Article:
How to Make Rose Water at Home

Making your own body care products is an empowering activity. It allows you to be an artist, creating and blending ingredients to make a finished product that is tailored to your own body’s unique needs. I have a lovely recipe that I use to make my own floral waters and have been using it for years. I came across it in one of Rosemary Gladstar’s books. She is one of those people I like to refer to as an “herbal revivalist”. A truly gifted and intellectual herbalist, Rosemary helped bring plant wisdom and herbal awareness to the Western world through education and availability of high quality herbs and related products. Some examples of her contributions are Mountain Rose Herbs, Traditional Medicinals and The California School of Herbal Studies (one of my alma maters).

I will use roses as an example in this recipe, but you can use other plant material such as rose geranium leaves, calendula petals or lavender.
My rose bush is in bloom right now.
I hope you enjoy this recipe as much as I do.

Items you will need:
Canning pot or large pot with rounded lid
One brick
Quart-sized stainless steel or glass bowl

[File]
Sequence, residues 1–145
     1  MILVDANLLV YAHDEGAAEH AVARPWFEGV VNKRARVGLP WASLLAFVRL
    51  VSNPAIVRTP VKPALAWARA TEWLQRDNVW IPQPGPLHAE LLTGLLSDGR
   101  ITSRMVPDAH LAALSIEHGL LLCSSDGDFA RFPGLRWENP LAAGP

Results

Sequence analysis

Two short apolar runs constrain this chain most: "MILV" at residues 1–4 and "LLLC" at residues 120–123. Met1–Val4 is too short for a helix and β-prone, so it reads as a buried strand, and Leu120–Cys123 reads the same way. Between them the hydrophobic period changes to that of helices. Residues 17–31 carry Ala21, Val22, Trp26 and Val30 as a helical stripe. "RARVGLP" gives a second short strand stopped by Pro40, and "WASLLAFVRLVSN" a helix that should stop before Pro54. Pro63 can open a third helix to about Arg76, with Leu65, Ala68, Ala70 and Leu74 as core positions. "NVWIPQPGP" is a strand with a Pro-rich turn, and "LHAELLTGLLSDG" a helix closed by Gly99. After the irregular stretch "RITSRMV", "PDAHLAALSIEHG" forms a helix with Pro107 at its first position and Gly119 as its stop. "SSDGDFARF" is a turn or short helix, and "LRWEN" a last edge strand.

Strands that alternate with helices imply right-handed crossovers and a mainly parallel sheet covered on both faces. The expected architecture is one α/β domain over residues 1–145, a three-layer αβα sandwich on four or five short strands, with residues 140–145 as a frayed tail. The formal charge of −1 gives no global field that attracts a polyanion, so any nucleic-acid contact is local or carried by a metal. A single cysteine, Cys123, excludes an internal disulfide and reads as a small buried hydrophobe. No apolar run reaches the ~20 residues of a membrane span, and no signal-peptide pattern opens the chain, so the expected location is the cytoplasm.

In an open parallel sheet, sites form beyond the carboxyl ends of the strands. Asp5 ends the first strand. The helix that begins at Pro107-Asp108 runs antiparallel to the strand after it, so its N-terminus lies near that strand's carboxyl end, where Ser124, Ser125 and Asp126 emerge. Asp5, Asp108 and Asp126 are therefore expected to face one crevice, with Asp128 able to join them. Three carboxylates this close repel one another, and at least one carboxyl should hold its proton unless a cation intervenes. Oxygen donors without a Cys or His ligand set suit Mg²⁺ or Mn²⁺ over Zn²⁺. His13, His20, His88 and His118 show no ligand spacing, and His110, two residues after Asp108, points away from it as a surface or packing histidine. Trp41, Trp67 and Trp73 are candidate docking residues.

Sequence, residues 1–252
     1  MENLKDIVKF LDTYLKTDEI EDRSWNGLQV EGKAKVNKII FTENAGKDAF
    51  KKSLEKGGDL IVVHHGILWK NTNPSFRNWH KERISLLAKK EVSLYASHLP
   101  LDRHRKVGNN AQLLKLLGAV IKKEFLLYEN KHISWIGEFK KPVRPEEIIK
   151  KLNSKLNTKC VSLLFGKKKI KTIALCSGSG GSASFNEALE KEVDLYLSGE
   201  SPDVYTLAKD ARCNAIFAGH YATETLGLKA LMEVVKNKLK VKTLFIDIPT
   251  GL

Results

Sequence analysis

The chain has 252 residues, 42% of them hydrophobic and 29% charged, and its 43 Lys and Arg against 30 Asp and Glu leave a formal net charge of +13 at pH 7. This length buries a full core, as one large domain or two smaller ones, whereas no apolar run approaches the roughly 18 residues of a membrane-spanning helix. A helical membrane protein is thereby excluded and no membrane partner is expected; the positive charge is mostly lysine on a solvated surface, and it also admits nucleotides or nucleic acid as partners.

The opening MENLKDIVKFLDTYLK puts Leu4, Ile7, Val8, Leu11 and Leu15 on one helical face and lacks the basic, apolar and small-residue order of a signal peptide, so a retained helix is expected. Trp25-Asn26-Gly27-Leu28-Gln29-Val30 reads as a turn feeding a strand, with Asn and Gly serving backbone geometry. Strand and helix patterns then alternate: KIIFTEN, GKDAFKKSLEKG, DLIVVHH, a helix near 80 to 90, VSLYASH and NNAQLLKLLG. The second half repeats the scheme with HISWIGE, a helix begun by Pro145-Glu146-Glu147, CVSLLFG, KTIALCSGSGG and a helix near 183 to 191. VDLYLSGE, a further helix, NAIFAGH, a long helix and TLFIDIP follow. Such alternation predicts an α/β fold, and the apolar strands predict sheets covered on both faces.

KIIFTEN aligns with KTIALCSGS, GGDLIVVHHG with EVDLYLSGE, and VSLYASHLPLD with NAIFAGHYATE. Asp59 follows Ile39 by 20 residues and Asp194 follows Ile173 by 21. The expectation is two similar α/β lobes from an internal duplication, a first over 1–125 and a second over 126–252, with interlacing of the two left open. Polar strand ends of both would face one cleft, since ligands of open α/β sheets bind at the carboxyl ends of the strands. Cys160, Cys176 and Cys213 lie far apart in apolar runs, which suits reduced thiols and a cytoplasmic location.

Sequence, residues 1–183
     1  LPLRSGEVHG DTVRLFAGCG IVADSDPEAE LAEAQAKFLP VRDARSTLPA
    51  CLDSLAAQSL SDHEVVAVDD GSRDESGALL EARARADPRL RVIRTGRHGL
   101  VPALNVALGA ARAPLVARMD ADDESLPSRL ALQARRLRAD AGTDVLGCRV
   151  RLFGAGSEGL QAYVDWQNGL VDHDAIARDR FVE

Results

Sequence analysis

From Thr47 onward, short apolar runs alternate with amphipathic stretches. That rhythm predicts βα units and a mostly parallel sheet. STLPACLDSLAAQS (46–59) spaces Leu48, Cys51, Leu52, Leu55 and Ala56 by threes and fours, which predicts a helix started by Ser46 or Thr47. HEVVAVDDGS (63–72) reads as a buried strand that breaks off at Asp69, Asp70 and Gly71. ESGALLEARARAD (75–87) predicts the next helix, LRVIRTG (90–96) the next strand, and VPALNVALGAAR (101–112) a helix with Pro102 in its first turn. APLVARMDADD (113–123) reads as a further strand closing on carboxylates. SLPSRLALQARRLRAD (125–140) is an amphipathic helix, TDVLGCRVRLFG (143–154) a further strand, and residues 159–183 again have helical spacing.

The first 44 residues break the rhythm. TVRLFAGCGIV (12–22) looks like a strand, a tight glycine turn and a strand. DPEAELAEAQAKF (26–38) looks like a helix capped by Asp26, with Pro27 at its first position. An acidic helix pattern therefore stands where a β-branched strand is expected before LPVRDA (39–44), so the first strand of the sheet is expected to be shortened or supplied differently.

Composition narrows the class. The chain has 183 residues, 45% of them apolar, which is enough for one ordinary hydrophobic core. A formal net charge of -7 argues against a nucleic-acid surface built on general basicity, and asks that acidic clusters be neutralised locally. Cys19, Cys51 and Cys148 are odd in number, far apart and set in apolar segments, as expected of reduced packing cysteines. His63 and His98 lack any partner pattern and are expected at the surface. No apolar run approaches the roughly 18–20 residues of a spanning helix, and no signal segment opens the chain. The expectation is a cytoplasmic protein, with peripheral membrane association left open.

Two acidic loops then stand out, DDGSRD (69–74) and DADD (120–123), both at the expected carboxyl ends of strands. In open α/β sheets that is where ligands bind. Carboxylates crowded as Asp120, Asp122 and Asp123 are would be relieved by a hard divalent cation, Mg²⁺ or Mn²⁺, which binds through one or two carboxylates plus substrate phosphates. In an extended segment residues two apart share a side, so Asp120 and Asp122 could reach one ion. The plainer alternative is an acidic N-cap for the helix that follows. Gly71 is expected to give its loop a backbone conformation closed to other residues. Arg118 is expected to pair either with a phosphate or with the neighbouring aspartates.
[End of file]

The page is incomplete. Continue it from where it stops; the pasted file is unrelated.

2-3 quarts of rose petals
Ice cubes or crushed ice (approximately 4-6 ice cube trays worth of ice or small bag from grocery store)
  1. Place canning pot on stove, put the brick in the center of the canning pot. Place bowl on top of brick. Add roses to the pot; add enough flowers to reach the top of the brick. Pour in just enough water to cover the roses. The water level should be just above the top of the brick.
  2. Place pot lid upside down on the pot, so it is inverted. Turn on the burner and bring the water to a rolling boil, then lower the heat to a slow and steady simmer. Add 2-3 trays or ice cubes in a bag on top of the lid. Now you have a home still. As the water boils, the steam rises, hits the top of the cold lid and condenses. As it condenses, it flows to the center of the lid and drops into the bowl. Add more ice cubes once the previous ones have melted.
  3. Every 20 minutes, quickly lift the lid and take out a tablespoon of the rose water. When you have a pint to a quart of water in the bowl and it smells strongly of roses, it is done. Be careful not too “cook” the rose petals.
  4. Pour rose water into a glass container and store in the refrigerator. You can use the rose water as a home and body spritzer or add it to other body care recipes.


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